Washington, Nov 26 (IANS) Seeking experience in a time of war, US president-elect Barack Obama has asked President George Bush's Defence Secretary Robert Gates to stay in his job at the Pentagon, if only temporarily.
Obama, who campaigned on a platform of 'change' has also chosen a retired Marine general James Jones to be his national security adviser to bring years of experience to the cabinet, media reports said Tuesday citing Democratic Party officials.
Gates, who replaced Donald Rumsfeld as Bush's defence chief in December 2006, will remain in the cabinet for some time, probably a year, diverse media said citing 'an official familiar with discussions between the two men'.
One source cited by CNN called it 'all but a done deal' and that the announcement could come as early as next week.
Obama is interested in some continuity at the Pentagon because he is entering office while dealing with two wars in Iraq and Afghanistan as well as the international financial crisis, it said citing sources close to the transition team.
Jones was Obama's pick to head the National Security Council, the part of the White House structure that deals with foreign policy, the Washington Post said citing an unnamed Democratic official.
Obama, who rolled out the key components of his economic team this week, plans to announce his foreign policy team after the Thanksgiving holiday Thursday. He is expected to name former First Lady Hillary Clinton as the Secretary of State.
Obama's latest moves not only solidify a national security team with star power, but also strong centrist and establishment ties that run counter to his campaign calls for change and a speedy withdrawal from Iraq, the Post noted.
Gates, a moderate with long-standing ties to Republican administrations and the Bush family, would fulfil an Obama pledge to include a Republican in his cabinet.
Gates has run the department since December 2006, reluctantly giving up his post as president of Texas A&M University to replace Rumsfeld when the Iraq war seemed to be failing.
He was part of the 2006 Iraq Study Group, a bipartisan panel led by former secretary of state James Baker III and former representative Lee Hamilton, that was asked to help chart a new course in the flagging war.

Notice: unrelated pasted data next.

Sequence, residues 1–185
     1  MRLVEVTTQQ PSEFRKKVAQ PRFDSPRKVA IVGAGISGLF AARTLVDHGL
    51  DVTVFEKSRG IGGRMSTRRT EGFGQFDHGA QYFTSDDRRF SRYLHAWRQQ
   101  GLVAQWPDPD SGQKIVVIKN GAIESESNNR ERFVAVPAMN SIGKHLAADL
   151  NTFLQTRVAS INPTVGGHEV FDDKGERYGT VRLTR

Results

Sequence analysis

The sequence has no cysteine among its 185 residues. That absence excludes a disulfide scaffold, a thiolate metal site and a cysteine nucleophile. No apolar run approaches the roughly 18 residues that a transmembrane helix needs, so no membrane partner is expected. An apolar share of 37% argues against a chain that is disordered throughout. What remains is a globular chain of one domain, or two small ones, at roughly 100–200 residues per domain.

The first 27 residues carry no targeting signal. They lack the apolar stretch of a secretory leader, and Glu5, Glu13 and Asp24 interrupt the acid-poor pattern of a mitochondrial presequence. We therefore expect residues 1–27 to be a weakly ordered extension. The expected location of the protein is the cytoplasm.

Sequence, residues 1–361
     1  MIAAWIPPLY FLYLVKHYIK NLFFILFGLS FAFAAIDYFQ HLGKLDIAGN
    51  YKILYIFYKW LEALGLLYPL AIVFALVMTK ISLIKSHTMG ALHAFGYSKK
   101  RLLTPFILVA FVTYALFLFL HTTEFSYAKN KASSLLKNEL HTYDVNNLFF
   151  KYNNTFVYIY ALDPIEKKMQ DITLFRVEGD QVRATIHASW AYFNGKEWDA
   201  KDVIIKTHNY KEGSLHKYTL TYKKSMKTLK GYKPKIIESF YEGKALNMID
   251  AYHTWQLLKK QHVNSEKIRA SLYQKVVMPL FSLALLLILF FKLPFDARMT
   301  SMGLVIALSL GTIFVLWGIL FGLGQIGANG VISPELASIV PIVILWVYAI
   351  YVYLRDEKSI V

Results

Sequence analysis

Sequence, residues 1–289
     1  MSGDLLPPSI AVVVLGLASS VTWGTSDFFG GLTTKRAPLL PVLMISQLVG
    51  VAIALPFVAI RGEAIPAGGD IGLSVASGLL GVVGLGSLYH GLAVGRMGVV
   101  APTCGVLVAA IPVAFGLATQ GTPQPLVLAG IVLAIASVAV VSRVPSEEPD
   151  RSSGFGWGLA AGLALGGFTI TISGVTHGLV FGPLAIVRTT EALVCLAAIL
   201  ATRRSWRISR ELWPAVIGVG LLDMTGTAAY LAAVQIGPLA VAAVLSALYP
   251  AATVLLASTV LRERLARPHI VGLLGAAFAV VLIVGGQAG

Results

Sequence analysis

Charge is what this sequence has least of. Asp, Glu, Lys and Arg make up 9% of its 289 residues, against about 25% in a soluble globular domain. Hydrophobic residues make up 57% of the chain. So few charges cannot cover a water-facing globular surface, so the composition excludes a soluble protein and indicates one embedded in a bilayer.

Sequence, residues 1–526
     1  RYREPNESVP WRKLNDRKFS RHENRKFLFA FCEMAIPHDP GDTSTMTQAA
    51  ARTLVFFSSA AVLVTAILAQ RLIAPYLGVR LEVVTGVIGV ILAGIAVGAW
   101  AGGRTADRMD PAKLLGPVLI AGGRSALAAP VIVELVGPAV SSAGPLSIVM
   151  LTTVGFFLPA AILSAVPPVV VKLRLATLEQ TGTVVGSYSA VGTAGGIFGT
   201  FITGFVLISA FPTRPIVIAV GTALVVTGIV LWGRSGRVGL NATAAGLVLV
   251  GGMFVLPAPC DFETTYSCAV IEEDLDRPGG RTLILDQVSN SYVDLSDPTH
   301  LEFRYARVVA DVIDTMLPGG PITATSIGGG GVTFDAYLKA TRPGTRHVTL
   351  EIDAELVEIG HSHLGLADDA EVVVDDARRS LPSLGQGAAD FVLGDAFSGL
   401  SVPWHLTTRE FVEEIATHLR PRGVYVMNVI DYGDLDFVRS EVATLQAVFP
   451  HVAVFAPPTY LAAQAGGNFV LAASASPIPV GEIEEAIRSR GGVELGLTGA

A native of Kansas, Gates joined the CIA in 1966. By 1987, he became acting CIA director when William Casey was terminally ill with cancer.
As Obama's choice for national security adviser, Jones has impeccable military credentials, an ambassador's polish and an imposing physical presence at 6 foot 4 inches.
He's highly regarded by Republicans and Democrats on Capitol Hill, and as the NATO alliance's top commander - his last assignment before retiring from the military in early 2007. He's a respected figure in capitals across Europe.
Meanwhile, the head of Obama's intelligence transition team John Brennan said he is withdrawing his name from consideration for director of the CIA.
In a letter to Obama, the former senior intelligence officer cited strong criticism from people who associated his work at the CIA with controversial Bush administration policies on interrogation techniques and the war in Iraq, CNN said.
Brennan defended himself against such accusations, saying, 'the fact that I was not involved in the decision-making process for any of these controversial policies and actions has been ignored' by his critics.
'The challenges ahead of our nation are too daunting, and the role of the CIA too critical, for there to be any distraction from the vital work that lays ahead,' he wrote.